The cryptocurrency market surged by $6 billion on Tuesday, propelling litecoin to a new yearly high and launching bitcoin one…
The cryptocurrency market surged by $6 billion on Tuesday, propelling litecoin to a new yearly high and launching bitcoin one step closer to a major hurdle it needs to cross before it can slay its historic bear market.
As of the time of writing, the cryptocurrency market had a total valuation of $132.3 billion. Daily volume stood at more than $33 billion, a full $5 billion above where it was at this time on Monday.
In what seems to be a developing trend, the bitcoin price did not lead the charge. Instead, two altcoins - first binance coin and later litecoin - catalyzed the rally.
Binance coin, the utility token from the world's largest cryptocurrency exchange, rose a staggering 17.84 percent to $13.40. Its $1.9 billion market cap places it just $150 million behind stablecoin giant tether on the market cap charts.
Hours later, the litecoin price began to surge, rising more than 10 percent in a matter of minutes. For the day, the coin is up 13.86 percent to a present global average $52.93. At its peak, litecoin reached $54.68, marking a new 2019 high.
Bitcoin did see gains, of course, rising a solid 3.29 percent to clear the $3,830 level on Bitstamp and Coinbase. Its global average stood at $3,872, a full $168 above its previous-day low according to Yahoo/CryptoCompare.
However, its lagging performance relative to other large-cap assets caused it to lose market share. "Bitcoin Dominance" stands at 51.7 percent, down from 52.4 percent on March 4.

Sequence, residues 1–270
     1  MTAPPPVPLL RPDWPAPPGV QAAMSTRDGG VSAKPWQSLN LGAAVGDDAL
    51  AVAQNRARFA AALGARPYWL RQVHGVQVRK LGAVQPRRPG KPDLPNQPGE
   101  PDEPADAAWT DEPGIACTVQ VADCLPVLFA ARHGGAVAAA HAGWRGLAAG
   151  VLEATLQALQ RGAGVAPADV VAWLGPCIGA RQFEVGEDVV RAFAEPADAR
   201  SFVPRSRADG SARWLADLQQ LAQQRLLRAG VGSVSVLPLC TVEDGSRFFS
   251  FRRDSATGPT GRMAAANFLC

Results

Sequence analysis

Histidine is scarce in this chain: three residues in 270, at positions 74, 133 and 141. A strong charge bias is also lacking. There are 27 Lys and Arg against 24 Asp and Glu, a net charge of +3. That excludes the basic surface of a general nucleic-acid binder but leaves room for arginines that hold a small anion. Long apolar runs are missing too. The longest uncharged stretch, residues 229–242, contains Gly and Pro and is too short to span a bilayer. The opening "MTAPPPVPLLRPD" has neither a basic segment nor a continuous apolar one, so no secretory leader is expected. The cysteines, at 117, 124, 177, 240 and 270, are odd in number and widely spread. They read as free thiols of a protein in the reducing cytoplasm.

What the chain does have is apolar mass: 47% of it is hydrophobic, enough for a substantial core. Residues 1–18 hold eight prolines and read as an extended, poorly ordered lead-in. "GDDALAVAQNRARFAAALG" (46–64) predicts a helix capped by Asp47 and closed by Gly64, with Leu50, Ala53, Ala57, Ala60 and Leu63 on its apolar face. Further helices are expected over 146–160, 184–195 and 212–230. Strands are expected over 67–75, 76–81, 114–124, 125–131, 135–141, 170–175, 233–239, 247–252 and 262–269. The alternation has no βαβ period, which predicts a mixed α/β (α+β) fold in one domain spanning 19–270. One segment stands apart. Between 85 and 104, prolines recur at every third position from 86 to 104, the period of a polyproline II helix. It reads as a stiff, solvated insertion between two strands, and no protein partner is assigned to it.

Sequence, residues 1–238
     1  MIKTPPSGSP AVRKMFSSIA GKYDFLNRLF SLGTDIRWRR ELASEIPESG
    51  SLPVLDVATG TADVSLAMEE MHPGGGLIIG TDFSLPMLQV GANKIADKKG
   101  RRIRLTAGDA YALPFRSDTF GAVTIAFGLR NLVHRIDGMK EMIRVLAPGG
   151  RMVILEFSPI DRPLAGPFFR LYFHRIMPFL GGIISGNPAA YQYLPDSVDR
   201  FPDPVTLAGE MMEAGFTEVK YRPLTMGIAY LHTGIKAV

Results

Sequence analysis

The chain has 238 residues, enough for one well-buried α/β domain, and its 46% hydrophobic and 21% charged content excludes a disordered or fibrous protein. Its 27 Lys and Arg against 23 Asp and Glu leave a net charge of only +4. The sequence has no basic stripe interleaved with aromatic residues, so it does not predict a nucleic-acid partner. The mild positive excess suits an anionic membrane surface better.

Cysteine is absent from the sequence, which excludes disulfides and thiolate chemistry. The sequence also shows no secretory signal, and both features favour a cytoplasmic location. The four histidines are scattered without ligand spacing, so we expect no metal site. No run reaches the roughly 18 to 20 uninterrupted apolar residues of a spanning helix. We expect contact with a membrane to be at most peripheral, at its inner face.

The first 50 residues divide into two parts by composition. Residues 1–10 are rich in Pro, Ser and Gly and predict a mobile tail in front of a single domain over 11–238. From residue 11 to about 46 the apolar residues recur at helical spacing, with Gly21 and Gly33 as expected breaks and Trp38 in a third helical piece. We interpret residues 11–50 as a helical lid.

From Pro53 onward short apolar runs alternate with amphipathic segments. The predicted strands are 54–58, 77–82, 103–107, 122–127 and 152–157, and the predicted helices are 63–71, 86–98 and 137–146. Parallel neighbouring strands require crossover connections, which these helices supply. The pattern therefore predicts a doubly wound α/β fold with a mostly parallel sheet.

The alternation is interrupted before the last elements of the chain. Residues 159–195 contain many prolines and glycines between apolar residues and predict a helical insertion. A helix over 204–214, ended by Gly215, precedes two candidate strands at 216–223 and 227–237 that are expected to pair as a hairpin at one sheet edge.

It's not clear what triggered today's upward grind.
Analysts searched for fundamental indicators, pointing to litecoin's move toward increased privacy, as well as a high-profile partnership to allow KPOP fans to pay for concert tickets using LTC. However, both of those factors stem back into February and January, making it unlikely that either of them would spark such a dramatic rally nearly a week into March.
There's also the report that Starbucks will accept bitcoin, but that news is not as cut-and-dried as it initially appeared, nor would it explain why bitcoin failed to lead the advance.
More likely is that traders want to retest upside targets following Sunday's sell-off and subsequent consolidation. Bitcoin, for instance, traded as low as $3,670 on March and had shed $520 after it failed to clear resistance at $4,200 on Feb. 23. It still has considerable breathing room before it would need grapple with that technical wall again, even after today's rally.
On the off chance that it does manage to get there within the short-term, the flagship cryptocurrency would still have a long way to escape its longest-ever bear market. How far? According to analysts at crypto broker BitOoda, bitcoin must eclipse the $6,000 mark before the market officially turns bullish.